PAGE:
Another problem for the Boeing 787 Dreamliner. The FAA has ordered an urgent fix for General Electric engines on up to 150 Boeing 787 Dreamliners, a step to avoid engine failure in icy conditions. The Federal Aviation Administration said it was requiring modifications to prevent fan blades from rubbing against the engine casing, which can cause “damage and a possible in-flight non-restartable power loss of one or both engines.” The measure was prompted by a report in January that such rubbing caused vibrations, leading the pilot to shut down the engine, a GE spokesman said.

Maryland And Royal Caribbean Sign New Contract
The Maryland Port Administration announced a new contract with Royal Caribbean International that will extend the cruise line’s year-round departures from the Helen Delich Bentley Port of Baltimore through June 2020. Royal Caribbean’s Grandeur of the Seas will continue to offer a wide range of cruising experiences from Maryland to the Bahamas, Bermuda, the Caribbean, and New England/Canada. The Grandeur of the Seas will continue offering five, nine and 12-night roundtrip itineraries from Baltimore, including a new nine-night voyage to Nassau. In 2015, nearly 200,000 passengers sailed on 90 cruises from the Port of Baltimore. The Port ranks 6th on the East Coast, 11th in the U.S. and 20th in the world for cruise passengers.

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Jim in London and Paris

Our agents recently organized a great trip for our client Jim D to London and Paris. Read on for his hilarious inside look into what these iconic cities have to offer. 

Did you know we post client feedback on our Testimonials page? Click here to read more excellent comments!

I am happy to say that my trip went quite well, thanks in great part to the subtle details which had already been taken care of by your agency. The flight that started things off (my first!) was very pleasant, and less grueling than I had expected; hats off to Delta Airlines for the great service. It may have helped that the flight was only about half full, so everyone had plenty of elbow room, and the amenity-to-passenger ratio was in our favor.

I loved the Radisson Blu Vanderbilt Hotel, not only for the cordial service (and special free breakfast!) but also for the great location. After checking in I immediately trotted off to the Natural History Museum, followed by The Victoria Albert and the Science Museum (Must… Stay… Awake…). I found a good chip shop in the neighborhood and then went off in search of Harrod’s department store, which I had heard was a near-mythological monument to commerce. I wasn’t disappointed. Every room was like a different land! Food, Perfume, Clothes, and a toy department (LAND!) where I would like to live, please. I think the stuffed toy giraffe they had cost as much as a real giraffe. While exploring Harrod’s I came across my favorite amusement ride in London, The Egyptian Escalator.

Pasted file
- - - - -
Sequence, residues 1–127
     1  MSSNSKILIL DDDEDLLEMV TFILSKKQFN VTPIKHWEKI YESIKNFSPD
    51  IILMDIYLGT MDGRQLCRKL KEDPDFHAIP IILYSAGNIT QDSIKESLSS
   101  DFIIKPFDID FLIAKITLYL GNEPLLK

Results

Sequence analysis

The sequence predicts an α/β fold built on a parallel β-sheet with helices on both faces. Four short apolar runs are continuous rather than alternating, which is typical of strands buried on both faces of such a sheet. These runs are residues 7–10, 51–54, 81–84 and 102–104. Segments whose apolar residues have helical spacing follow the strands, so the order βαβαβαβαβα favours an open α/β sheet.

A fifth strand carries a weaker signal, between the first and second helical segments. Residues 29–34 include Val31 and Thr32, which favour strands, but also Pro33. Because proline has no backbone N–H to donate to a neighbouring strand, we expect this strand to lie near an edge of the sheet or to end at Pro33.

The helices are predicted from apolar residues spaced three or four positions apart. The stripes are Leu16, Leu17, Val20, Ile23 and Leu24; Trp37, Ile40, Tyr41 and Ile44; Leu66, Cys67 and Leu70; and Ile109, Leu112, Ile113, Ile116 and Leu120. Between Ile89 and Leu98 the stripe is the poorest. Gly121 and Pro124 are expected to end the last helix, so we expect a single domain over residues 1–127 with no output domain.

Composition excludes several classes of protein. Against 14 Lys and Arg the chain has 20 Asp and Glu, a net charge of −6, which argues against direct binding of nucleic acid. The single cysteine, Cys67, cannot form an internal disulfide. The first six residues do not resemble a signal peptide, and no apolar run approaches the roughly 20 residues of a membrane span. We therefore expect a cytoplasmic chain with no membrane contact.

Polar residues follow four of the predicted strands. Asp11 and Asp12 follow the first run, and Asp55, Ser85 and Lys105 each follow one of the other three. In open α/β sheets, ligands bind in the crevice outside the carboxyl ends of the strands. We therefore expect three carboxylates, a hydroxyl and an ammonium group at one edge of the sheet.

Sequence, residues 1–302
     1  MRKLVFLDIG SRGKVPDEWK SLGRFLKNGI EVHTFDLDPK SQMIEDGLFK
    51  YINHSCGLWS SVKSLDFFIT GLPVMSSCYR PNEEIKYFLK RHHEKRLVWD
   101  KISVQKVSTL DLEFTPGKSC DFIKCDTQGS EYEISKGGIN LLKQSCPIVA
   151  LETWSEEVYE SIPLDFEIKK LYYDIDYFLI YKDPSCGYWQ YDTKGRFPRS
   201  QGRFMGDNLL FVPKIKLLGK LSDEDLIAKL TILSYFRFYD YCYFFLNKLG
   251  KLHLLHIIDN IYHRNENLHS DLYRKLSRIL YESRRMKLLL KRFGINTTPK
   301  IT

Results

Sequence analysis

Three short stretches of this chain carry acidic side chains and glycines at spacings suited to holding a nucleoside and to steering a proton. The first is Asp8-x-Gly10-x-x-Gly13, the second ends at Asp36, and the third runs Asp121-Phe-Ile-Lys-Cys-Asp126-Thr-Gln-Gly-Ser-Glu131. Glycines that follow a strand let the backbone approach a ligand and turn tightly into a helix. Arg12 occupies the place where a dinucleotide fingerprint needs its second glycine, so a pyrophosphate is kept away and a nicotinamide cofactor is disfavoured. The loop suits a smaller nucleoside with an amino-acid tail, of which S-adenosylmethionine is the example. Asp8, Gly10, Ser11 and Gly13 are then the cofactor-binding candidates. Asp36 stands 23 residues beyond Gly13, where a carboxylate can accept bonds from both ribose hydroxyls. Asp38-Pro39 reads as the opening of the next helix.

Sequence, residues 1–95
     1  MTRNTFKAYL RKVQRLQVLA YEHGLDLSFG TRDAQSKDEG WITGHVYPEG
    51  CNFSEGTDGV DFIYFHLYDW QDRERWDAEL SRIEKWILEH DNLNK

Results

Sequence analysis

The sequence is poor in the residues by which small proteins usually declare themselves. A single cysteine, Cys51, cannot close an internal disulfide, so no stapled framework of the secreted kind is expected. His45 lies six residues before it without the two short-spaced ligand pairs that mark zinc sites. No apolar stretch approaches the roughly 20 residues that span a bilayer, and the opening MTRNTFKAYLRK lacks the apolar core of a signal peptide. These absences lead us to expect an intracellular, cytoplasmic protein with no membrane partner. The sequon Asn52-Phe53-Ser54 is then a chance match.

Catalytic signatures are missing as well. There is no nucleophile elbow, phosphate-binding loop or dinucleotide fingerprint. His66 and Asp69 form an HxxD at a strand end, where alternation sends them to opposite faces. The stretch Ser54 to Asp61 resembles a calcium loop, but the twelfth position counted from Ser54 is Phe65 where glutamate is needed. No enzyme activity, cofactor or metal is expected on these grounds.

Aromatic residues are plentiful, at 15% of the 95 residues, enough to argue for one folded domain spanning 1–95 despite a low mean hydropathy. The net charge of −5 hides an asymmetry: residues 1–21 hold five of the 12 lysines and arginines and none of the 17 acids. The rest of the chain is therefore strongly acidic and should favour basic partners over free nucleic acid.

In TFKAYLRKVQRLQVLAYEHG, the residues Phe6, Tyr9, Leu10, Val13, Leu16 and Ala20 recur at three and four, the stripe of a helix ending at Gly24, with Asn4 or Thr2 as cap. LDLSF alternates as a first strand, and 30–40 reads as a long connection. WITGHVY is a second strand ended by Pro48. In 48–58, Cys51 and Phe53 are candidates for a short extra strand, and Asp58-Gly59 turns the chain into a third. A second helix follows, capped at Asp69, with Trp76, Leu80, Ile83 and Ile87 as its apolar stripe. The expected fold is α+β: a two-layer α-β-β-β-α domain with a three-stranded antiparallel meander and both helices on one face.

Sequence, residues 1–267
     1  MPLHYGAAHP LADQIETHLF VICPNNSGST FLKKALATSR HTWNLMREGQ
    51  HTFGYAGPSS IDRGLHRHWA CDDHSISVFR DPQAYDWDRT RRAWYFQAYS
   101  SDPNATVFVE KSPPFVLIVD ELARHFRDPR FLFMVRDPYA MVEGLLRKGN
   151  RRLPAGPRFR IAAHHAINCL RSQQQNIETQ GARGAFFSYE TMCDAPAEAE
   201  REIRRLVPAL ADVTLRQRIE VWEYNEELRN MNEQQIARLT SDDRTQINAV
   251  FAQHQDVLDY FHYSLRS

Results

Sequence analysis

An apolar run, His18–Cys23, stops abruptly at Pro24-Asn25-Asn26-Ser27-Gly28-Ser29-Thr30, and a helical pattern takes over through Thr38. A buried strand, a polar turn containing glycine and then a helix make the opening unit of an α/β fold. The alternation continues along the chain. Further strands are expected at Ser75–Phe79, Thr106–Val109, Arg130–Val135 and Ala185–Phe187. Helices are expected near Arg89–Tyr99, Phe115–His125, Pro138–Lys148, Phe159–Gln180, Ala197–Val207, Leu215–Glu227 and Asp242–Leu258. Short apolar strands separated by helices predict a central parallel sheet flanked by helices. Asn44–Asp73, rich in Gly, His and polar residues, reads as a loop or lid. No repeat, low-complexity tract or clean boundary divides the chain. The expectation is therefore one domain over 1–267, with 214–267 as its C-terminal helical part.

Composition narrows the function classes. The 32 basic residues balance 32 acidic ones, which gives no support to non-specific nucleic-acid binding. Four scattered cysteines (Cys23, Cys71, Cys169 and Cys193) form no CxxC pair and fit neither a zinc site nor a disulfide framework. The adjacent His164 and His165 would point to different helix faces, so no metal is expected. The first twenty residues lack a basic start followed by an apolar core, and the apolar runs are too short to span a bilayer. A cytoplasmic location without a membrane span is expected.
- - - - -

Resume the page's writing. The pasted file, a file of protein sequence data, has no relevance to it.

The following day I rode the London Eye, spending the extra money on a fast-track ticket, saving me at least an hour of line-standing; totally worth it. The Tate Modern and the Winston Churchill War Room Museum were also on the docket, with lots of walking- Buckingham Palace, St. Paul’s Cathedral- followed by an excellent take-away cheeseburger in the hotel room, a change of clothes, and the discovery that 6pm on a Friday night is kind of a busy time to take the Tube to the West End. Into the breach, indeed. “Women On The Verge Of A Nervous Breakdown”, at the Playhouse Theatre on Northumberland Ave. in the West End, was excellent and I recommend it. A solid and entertaining production in a space that seats less than 800. Theatre heaven.

Saturday’s first mission was to go to the sandwich shop featured in the BBC America TV show “Sherlock” (On North Gower St. in Camden, posing as Baker St.), but it turned out they were shooting the show on that day so I was out of luck. Next I walked to The British Museum, where I spent the afternoon gaping at their astonishing collection of artifacts, in a building I would have loved even if it was empty. By this time I was having so much fun just walking and people watching that I walked all the way back to the hotel, through Piccadilly Square and past Harrods, where of course I had to go in and ride the Egyptian Escalator a few more times. London struck me as a thriving, bustling, culturally bountiful city, and I enjoyed it very much. The next morning I checked out of The Radisson Blu Vanderbilt and got myself over to St. Pancras Station, and onto The Chunnel, which was as comfortable and modern as I had hoped.